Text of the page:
The Art Of Picking Your Battles

If you follow this blog, or any of my social media, you know that recently I’ve been posting quite a lot about the Black Lives Matter movement and associated social justice issues. The response has been, in a word, mixed. For every two validating, uplifting comments made in solidarity, I also get one comment comprised entirely of racist garbage.

I used to be incensed by the racist garbage, and would feel like I needed to take it to the mat and defend my honor. But over the last couple of months, I’ve just stopped giving a shit. People spout the most vile racism and sure, sometimes I’ll still block them because I don’t feel like reading it, but I’ve completely stopped having an emotional reaction.

Now, it’s possible that the sudden uptick in frequency just desensitized me to racial abuse. But I think it’s a little more likely that I’ve finally just grown up enough to stop caring what idiots think.

You see, I never used to be the kind of person that could just walk away from an argument. I worried way too much about the impression I left on someone by disagreeing with them, and felt like I had to definitively prove that I was right to do so. And I couldn’t stand the thought that someone else believed I was wrong about something, when I knew that I was correct about it. I thought it was SO important to reach a point of understanding where I didn’t look like an asshole or an idiot to the other person, and so I used to really dig in trying to get people to understand my point of view and capitulate in accordance.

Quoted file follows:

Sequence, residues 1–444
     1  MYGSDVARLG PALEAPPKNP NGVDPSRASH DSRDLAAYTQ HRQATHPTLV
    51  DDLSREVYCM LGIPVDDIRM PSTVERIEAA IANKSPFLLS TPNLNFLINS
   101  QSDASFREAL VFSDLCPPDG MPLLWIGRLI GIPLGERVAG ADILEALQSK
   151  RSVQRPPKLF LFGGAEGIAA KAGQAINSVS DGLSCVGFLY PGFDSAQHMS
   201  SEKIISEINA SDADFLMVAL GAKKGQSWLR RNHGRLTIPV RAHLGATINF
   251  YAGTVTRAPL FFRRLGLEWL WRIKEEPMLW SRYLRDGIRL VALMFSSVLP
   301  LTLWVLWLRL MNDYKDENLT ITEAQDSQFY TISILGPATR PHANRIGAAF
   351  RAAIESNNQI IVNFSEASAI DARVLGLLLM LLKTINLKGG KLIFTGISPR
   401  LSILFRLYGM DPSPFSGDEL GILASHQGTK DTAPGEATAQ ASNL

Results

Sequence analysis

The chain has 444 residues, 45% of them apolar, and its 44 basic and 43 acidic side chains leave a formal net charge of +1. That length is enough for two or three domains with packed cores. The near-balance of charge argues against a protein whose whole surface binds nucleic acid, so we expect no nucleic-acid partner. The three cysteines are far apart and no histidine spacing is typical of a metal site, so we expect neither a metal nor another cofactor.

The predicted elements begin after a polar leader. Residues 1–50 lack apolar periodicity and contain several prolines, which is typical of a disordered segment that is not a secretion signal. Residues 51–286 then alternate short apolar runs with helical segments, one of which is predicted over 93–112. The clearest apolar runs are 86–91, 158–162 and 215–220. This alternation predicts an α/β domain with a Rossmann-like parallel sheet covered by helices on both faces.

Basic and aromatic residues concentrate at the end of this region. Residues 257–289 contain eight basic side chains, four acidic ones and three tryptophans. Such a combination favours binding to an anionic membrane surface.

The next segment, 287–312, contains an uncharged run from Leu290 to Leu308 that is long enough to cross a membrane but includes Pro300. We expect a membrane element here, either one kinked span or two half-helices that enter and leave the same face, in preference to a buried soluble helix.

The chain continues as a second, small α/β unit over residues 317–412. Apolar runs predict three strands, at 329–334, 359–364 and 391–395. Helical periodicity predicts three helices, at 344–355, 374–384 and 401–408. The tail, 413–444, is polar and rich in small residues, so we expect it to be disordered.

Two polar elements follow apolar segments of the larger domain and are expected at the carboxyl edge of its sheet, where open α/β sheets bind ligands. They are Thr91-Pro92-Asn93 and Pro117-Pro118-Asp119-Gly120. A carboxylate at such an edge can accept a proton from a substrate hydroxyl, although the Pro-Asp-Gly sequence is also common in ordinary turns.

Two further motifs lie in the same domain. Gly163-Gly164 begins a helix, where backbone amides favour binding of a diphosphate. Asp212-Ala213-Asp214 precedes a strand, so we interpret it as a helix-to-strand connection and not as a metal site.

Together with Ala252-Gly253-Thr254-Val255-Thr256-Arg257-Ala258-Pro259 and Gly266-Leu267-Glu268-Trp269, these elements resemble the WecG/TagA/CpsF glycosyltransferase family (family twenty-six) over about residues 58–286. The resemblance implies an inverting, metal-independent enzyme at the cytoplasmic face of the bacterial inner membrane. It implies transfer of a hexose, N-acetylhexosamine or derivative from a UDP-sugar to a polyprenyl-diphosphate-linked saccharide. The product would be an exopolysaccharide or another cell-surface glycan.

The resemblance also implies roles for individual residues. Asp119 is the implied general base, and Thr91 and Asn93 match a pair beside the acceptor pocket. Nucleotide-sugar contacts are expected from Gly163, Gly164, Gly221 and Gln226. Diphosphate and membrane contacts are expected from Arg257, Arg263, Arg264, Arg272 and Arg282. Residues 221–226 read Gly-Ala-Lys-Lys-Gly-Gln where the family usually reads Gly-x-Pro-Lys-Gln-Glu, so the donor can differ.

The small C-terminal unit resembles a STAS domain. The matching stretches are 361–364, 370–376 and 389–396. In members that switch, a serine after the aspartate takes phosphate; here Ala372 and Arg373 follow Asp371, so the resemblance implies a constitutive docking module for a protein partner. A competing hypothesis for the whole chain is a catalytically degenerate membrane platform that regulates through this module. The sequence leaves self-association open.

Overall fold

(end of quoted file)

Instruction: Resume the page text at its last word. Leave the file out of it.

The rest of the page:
A complete waste of time, I’ve since realized. Most arguments are not worth having.

So now, instead of getting into a pointless argument over pointless nonsense, I just think to myself, “nah, I know that I’m right, this person is an idiot,” and get on with my day. (That’s not to say that everyone who disagrees with me is an idiot, just that I finally learned how to ignore them when they are.)

The main thing that helped me get to this point is a saying I picked up on the internet, that I’ve been applying to my personal relationships for a couple of years now: “Don’t take criticism from someone you wouldn’t take advice from.”

I think that’s really a beautiful sentiment. If you think someone doesn’t know what the hell they’re talking about, why on earth would you take it to heart when they talk about you, right?

So, I’ve since started applying the same principle to getting into arguments. If someone says something that reveals they’re an idiot, and I realize that I don’t care what they think in general, then I sure as shit shouldn’t care what they think of me. And if I don’t care what someone thinks of me, why fight with them? I only ever got into debates to protect my reputation, so not caring about someone’s opinion of me makes that pretty moot.

My mom always used to tell me to “pick my battles,” and I never really understood what she meant. But looking at it in terms of “pick whose opinions you care about,” now I think I get it. Realizing that I don’t actually care what an idiot thinks was the little push I needed to realize that I don’t have to engage with them, and it’s a much more harmonious state of being.

I wish all of you the best of luck in ignoring the idiots in your life.

Author: Bryanna Doe

Author, storyteller, comedian, songwriter.

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